Keith Trottier is the President of this group, and led a discussion on how as LGBT students attending BYU-Idaho, can help other students who may not understand the paradox of this all. This was the list they made:

●     Pray about who you want to come out to.

●     Be informative.

●     Stop the mystery.

●     Show your support.

●     Dismiss prejudices respectfully.

●     Explain that this is NOT a choice.

●     Love one another.

●     Avoid gossip.

●     Teach with love.

●     Don’t segregate.

●     SHOW what respect really is.

●     Don’t judge,

●     Be open and honest.

●     Share your story.

●     Give everyone a chance to understand you.

●     Understand that there is a double standard.

●     Don’t force views on others.

●     Choose words wisely.

●     Look long term or at the bigger picture.

●     Sometimes people just don’t understand or don’t want to accept. That’s okay.

●     Be tolerant and accepting.

●     Don’t treat it as a disease or addiction.

●     Don’t give up on people.

This list represents how the gospel is implemented in each one of these ideas. The spirit of contention, hatred, bitterness, and stiffneckedness does not ride in any of these. Instead, one can sense love, understanding, faith, hope, and inspiration.

Mental Illness and Suicide

“Students with LGBT here on this campus are a huge minority and they feel afraid. Some students have mental illness, and because they feel so different, they feel alone and then their depression worsens and leads to suicide. They learn to deal and swallow the rhetoric because there is no other outlet,” voiced many students involved in BYU-Idaho’s chapter of USGA.

Although there may be other schools, BYU-Idaho has more factors for these students where they feel like this is their only option. It seems to them, that there is a lack of compassion in a lot of people’s eyes. Many of the members at USGA are afraid to tell their roommates that they are gay because they worry that their roommates would treat their situation as a perverted thing.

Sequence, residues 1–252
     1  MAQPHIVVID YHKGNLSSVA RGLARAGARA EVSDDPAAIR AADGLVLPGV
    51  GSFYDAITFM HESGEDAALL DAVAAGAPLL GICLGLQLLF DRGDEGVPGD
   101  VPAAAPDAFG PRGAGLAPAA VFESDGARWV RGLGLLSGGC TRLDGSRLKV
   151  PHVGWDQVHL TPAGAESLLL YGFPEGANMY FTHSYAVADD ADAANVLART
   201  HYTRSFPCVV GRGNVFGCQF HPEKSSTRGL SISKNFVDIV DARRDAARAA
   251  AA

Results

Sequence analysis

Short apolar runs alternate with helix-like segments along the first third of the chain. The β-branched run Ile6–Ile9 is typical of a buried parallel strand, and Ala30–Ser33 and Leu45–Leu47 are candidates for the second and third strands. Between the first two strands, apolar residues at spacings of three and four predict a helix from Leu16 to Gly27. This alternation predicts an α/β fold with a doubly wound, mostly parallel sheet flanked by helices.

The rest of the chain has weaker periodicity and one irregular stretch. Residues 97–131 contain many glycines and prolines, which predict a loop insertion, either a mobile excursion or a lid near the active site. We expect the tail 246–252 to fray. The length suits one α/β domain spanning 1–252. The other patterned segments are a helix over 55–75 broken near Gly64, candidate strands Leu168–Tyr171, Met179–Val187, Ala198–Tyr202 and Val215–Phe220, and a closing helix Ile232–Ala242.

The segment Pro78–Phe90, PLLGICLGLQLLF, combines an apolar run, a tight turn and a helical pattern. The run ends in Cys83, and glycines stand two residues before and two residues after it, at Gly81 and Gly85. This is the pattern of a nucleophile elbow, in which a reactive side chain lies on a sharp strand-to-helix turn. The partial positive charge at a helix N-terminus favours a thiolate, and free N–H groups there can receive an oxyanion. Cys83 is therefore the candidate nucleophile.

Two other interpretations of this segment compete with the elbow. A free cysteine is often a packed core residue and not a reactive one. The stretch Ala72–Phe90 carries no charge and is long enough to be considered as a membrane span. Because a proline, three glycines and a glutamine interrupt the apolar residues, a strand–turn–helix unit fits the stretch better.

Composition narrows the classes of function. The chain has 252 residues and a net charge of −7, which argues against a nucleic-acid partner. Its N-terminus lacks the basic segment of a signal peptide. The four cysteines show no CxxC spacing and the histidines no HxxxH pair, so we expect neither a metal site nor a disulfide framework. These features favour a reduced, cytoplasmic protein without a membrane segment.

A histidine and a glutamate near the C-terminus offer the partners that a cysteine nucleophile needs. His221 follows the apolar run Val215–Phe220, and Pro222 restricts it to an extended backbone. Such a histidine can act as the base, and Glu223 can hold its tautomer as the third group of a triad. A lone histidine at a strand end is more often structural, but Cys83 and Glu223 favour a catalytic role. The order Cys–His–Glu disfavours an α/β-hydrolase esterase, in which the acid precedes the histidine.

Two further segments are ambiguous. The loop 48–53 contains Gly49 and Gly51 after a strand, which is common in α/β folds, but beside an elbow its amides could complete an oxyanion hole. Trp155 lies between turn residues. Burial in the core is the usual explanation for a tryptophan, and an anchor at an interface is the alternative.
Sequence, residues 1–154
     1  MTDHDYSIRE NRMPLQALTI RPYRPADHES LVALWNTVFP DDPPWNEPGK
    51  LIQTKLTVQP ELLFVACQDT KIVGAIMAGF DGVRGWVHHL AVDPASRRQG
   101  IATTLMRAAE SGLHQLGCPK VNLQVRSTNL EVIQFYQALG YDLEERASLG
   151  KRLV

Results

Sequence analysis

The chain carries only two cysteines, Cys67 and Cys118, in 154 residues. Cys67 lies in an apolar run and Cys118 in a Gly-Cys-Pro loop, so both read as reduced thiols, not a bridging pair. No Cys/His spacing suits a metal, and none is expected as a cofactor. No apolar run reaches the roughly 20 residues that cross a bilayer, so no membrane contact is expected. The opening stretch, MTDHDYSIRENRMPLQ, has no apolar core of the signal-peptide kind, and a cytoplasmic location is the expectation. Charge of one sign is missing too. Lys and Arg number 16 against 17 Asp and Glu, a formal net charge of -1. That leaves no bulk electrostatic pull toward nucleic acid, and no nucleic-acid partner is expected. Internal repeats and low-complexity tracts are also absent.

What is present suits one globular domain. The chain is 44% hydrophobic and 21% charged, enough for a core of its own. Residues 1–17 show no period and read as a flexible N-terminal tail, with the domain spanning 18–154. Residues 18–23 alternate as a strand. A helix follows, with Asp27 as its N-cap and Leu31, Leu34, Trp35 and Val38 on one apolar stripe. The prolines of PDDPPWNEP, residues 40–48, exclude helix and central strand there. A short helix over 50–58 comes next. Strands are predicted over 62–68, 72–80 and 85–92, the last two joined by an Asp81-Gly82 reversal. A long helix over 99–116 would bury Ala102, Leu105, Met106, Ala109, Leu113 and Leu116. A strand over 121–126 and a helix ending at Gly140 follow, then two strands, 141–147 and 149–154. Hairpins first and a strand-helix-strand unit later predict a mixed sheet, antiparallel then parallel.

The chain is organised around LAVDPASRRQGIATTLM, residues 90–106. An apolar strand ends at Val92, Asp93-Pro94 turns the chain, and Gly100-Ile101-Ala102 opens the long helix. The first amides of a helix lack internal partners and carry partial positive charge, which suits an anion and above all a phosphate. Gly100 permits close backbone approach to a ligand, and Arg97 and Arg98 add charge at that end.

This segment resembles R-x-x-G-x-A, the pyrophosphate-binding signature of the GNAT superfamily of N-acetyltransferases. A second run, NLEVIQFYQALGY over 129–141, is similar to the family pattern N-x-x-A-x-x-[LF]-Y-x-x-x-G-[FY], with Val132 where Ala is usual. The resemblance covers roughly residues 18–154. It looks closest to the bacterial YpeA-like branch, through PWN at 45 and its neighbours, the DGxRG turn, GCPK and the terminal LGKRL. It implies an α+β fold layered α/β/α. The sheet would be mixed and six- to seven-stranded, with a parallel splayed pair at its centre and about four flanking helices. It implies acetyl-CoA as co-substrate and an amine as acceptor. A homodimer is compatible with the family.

“By being open about it and creating that dialogue, by being authentic, it has allowed people to realize it’s okay to have a different opinion. I think just by being me and not backing down from that creates a new safe space and helps people feel courageous and stand their ground other than just hide,” Trottier stated.

What NOT to Say

“I still hear ‘that’s gay’ all the time all over campus when referencing something that someone doesn’t agree with or like,” Trottier expressed. “Why should that word be associated with negativity, especially by ourselves, when we are socially labeled with the same word?”

The term “faggot” is extremely offensive to students that are LGBT because of its origin. A faggot is a bundle of sticks used to fuel a fire. From Constantine, the first Christian Emperor of Rome, and for the next 1,500 years, Christians burned gays. Instead of burning them at a steak or tied up onto a big log, they valued the homosexuals so little that they just used baby tinder.

“We want people to understand that this is not okay,” said Trottier. “Also, most people don’t realize it, but the words ‘struggle’, ‘cope’, or ‘suffer’ makes us sound like we’re living a burdensome life. Just say ‘gay’ or ‘queer’.”

Embracing Uniqueness

There’s a lot of conformity to an excessive degree,” said Trottier.

On the contrary, several General Authorities have talked about how being different helps the Church.

In his most recent General Conference talk, President Uchtdorf said, “God created us to be unique.”

Elder Oaks has also shared that we should not let one thing like sexual orientation define us.

“I think it is an accurate statement to say that some people consider feelings of same-gender attraction to be the defining fact of their existence… People can adopt a characteristic as the defining example of their existence and often those characteristics are physical. We have the agency to choose which characteristics will define us; those choices are not thrust upon us. The ultimate defining fact for all of us is that we are children of Heavenly Parents, born on this earth for a purpose, and born with a divine destiny. Whenever any of those other notions, whatever they may be, gets in the way of that ultimate defining fact, then it is destructive and it leads us down the wrong path.”